Speaking to Radio Vesti, Sergei Shakhov, a refugee from the Lugansk region and volunteer assisting the internally displaced persons organization Narodna Dovira ('People's Trust') noted that the bribe refugees and their relatives have to pay has reached "2,000 hryvnia." Moreover, Shakhov noted that people crossing the border face constant rudeness from border guards, while technical and other problems result in hundreds of people and vehicles queuing up at the checkpoints for hours at a time.
Last month, a new system of electronic passes was supposed to go into effect at checkpoints around Ukraine's eastern conflict zone. Speaking to Oksana Ermishina, the Chairwoman of the Public Committee for Internally Displaced Persons, Kiev's Voice of the Capital radio station noted that this plan has thus far failed to make a dent in combatting payoffs, with problems in electricity supply, communications, and the electronic badge databases themselves only exacerbating difficulties. Ermishina noted that in a situation of organizational chaos where nothing works as it should, "money talks, and until a clear system of automated procedures exists, corruption will only continue."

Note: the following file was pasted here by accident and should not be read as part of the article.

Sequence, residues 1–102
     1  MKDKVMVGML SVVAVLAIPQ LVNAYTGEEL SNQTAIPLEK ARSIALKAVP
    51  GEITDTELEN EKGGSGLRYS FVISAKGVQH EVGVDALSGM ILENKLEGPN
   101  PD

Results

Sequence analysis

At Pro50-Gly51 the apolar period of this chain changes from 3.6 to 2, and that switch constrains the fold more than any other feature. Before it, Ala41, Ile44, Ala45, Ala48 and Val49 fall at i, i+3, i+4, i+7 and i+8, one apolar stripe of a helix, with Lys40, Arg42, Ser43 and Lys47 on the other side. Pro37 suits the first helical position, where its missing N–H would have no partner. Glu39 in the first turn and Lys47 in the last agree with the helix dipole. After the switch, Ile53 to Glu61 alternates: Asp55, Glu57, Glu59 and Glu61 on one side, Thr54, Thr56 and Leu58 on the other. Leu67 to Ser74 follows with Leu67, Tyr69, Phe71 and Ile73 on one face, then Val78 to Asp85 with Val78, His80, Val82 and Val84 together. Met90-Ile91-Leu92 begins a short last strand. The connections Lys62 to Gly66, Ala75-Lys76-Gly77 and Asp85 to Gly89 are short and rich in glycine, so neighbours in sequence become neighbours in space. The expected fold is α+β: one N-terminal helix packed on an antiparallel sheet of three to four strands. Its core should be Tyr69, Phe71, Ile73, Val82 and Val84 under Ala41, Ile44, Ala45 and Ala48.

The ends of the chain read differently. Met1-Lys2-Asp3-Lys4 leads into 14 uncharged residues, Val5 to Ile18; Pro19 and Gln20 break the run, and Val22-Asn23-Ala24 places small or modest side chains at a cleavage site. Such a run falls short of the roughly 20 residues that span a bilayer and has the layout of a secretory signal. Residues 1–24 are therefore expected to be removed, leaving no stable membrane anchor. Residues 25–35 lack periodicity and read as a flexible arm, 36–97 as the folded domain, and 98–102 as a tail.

Loud scandals have also been exploding in Ukrainian media over payoffs to officers in charge of determining fitness for mobilization into the armed forces, with families paying bribes of thousands of dollars or euros to prevent their sons from being conscripted.
The scandals plaguing the country's security and defense organs comes amidst claims by Ukrainian President Petro Poroshenko earlier this week that levels of corruption in the Ukrainian military have fallen dramatically. Speaking about the joint Ukrainian-US training exercises taking place in the western region of Lviv, Poroshenko noted that "in these six months we have proved that we have changed the military, with the help of volunteers and due to decisive actions by new officials at the Ministry of Defense and the Ukrainian General Staff."